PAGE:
The tragic ballad of Doe Castle

//The tragic ballad of Doe Castle

The tragic ballad of Doe Castle

Romantic Doe Castle, Creeslough

Romantic Doe Castle

Doe Castle is situated on a breathtakingly beautiful inlet of Sheephaven Bay in north west Donegal.  It was the ancient seat of the Mac Sweeney Chiefs of Doe and has its own tragic romance and history.

While Verona had Romeo and Juliet so Creeslough had its own star crossed lovers, Turlogh and Aileen.  Their fateful story is told in the following song written last century by Níall Mac Giolla Brigde from Feymore, Creelsough.


Maolmurra – A Ballad of Doe Castle

Wild are thy hills, O Donegal!  that frowning darkly rise
As if to greet the mist that falls upon them from the skies:
Dark, dark thy hills, and darker still thy mountain torrents flow,
Yet still more dark Maolmurra’s heart in his Castle Hall at Doe.

Fair are thy plains, O Donegal!  and calm thy winding streams
Flow gently by each hut and hall, beneath the bright sunbeams;
But plain or stream, or meadow green, or flower upon the lea,
Were not more mild than Maolmurra’s child, so sweet and fair was she.

Stout grows thy oak, O Donegal!  and straight thy ashen tree,
And swift and strong thy sons so tall, their country’s pride to see;
But oak or ash, or young men all, that sprung from Irish soil,
Were not more stout, straight, swift and tall, than the chief of Clan O’Boyle.

He was the pride of Faugher side, near the hills of Ballymore;
For feats of strength none equaled him from Fanad to Gweedore:
And he would go through frost and snow on the merry Christmas Day
With ringing cheer to hunt the deer from his haunts in dark Glenveigh.

And often in Doe Castle woods he’d hunt the deer and hare,
But the witching deer that drew him there was Maolmurra’s daughter fair;
And there was no man in all the land that trod on Irish soil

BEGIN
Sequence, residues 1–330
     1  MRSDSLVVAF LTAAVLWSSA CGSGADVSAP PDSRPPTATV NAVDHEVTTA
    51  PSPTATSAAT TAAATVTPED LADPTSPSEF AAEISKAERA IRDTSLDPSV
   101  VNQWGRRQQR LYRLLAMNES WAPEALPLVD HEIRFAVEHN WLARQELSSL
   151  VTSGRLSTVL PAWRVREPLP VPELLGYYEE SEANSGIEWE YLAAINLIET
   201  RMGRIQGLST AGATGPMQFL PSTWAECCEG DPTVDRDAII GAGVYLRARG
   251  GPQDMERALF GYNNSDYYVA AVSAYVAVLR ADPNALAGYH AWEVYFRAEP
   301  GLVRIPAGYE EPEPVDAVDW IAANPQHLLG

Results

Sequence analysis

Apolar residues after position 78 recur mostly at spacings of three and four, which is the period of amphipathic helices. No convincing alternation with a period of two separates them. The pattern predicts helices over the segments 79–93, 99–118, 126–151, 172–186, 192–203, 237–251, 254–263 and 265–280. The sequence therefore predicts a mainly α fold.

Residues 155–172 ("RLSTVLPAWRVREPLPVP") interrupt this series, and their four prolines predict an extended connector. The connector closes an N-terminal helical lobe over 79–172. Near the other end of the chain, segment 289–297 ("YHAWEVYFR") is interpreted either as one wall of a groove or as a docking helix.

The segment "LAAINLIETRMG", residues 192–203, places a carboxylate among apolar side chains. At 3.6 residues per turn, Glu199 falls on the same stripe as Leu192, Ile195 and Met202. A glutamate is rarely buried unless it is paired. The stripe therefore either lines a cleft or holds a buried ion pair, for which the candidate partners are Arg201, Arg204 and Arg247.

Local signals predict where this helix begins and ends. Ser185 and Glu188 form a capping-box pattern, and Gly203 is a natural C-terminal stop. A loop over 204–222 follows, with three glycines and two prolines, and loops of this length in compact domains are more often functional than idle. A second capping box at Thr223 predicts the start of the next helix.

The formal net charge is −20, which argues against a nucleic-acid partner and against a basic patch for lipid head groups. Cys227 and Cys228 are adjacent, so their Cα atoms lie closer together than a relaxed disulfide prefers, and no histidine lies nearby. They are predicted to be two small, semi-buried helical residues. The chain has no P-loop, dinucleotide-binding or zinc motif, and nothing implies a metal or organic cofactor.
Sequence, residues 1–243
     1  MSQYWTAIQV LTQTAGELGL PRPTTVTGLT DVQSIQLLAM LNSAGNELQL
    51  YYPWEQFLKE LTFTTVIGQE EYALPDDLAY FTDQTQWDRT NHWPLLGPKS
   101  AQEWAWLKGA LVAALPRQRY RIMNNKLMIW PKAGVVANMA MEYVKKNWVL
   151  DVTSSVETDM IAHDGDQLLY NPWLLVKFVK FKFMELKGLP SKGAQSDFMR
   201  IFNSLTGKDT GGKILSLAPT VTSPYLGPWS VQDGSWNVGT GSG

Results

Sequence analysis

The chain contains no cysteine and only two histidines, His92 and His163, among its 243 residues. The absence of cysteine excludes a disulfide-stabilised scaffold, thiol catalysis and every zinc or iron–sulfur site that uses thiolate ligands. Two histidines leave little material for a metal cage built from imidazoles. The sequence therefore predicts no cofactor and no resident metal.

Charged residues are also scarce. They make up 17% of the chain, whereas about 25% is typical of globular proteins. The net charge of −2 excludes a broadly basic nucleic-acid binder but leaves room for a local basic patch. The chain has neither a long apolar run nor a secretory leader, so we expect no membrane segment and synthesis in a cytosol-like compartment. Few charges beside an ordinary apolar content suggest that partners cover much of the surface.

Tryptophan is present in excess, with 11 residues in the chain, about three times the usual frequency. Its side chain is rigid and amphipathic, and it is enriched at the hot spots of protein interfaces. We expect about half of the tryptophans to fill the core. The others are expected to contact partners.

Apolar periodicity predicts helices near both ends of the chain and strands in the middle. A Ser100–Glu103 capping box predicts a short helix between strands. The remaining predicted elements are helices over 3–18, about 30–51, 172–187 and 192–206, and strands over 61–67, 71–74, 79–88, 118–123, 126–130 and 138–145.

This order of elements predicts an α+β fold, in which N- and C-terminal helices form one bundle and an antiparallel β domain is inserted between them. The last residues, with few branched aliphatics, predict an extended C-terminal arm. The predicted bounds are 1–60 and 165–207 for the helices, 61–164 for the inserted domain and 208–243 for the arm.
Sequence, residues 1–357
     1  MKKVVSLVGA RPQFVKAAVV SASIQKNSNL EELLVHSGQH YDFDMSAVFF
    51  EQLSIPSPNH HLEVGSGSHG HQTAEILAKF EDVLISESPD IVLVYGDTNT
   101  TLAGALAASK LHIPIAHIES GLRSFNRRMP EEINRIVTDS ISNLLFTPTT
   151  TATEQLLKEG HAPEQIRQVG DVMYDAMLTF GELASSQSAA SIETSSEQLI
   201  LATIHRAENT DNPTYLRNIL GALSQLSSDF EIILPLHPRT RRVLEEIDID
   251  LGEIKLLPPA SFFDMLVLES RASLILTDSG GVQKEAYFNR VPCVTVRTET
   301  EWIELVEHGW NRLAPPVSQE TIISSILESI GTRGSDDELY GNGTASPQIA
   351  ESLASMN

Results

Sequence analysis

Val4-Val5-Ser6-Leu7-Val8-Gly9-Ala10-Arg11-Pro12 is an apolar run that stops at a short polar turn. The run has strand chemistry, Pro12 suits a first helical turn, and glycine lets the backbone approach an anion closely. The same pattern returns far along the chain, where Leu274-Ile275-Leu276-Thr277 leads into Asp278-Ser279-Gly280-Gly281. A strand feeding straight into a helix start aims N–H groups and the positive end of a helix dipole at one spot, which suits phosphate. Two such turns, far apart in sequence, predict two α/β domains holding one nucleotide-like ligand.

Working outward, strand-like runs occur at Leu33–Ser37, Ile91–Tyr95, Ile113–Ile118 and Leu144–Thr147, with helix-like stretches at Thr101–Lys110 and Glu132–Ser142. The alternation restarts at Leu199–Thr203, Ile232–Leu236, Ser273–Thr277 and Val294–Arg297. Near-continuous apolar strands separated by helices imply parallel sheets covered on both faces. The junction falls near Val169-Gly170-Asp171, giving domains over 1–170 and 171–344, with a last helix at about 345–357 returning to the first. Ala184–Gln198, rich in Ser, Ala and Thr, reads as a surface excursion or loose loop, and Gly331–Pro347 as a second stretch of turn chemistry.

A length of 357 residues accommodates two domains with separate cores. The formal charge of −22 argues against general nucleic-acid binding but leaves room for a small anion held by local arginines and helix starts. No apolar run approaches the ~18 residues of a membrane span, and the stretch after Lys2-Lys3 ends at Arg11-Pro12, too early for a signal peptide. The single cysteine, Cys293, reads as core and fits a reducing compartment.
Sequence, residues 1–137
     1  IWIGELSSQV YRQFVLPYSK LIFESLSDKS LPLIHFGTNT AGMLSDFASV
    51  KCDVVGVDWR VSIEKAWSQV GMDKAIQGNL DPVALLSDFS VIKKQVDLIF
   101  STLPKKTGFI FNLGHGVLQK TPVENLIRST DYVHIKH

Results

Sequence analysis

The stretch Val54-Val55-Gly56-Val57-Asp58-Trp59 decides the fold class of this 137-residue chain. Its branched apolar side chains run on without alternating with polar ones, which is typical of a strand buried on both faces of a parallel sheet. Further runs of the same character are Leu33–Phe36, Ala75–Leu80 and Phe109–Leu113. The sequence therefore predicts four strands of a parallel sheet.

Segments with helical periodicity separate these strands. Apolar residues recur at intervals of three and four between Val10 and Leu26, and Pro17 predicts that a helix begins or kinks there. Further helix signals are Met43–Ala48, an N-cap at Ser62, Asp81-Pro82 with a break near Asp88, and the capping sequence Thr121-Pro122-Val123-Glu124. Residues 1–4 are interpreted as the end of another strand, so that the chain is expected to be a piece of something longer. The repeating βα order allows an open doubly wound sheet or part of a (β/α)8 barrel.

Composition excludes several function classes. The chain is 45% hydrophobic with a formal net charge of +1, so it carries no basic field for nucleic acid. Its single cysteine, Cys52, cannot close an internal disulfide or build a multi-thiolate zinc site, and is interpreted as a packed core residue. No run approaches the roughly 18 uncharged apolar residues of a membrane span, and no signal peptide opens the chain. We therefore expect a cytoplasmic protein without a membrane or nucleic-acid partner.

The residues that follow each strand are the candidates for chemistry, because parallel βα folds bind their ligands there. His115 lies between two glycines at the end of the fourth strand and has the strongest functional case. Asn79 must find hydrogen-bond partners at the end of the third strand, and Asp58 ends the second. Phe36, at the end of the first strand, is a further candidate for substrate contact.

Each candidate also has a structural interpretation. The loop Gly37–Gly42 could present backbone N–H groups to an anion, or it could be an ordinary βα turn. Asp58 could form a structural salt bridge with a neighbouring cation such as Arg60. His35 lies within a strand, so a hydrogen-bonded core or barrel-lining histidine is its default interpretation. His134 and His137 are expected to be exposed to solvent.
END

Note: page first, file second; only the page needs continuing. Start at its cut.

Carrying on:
Maolmurra’s daughter loved so well as Turlogh Og O’Boyle.

In Duntally Wood, as best he could, his love for her he vowed:
But her father, overhearing him, chastised O’Boyle aloud;
With haughty pride, he says: “Abide by Faugher at the sea,
For you’ll never wed the daughter of Maolmurra of Castle Doe. “

In his little boat O’Boyle would float, a-fishing he would go,
With hook and line to Lackagh’s stream that runs near Castle Doe;
High in the Castle tower his loved one lay confined,
And on its lofty battlements in sorrow deep she pined.

At the Castle strand two boats lay manned to wait the rising tide,
Maolmurra there in chief command right cowardly did hide;
And when O’Boyle his homeward course steered by the Bishop’s Isle,
They there waylaid and a prisoner made of fearless young O’Boyle.

They brought him to the Castle, in strong irons he was bound,
And by Maolmurra was confined in a dungeon underground;
But in a few days after, inside the graveyard wall,
Four stalwart ruffians bore a bier, wrapped in a funeral pall.

Poor Aileen, from the tower high, beheld this mournful scene,
In mute amaze she cast a gaze on the castle graveyard green;
All pale in death, beside a mound of freshly risen soil,
The pall removed, she there beheld the features of O’Boyle.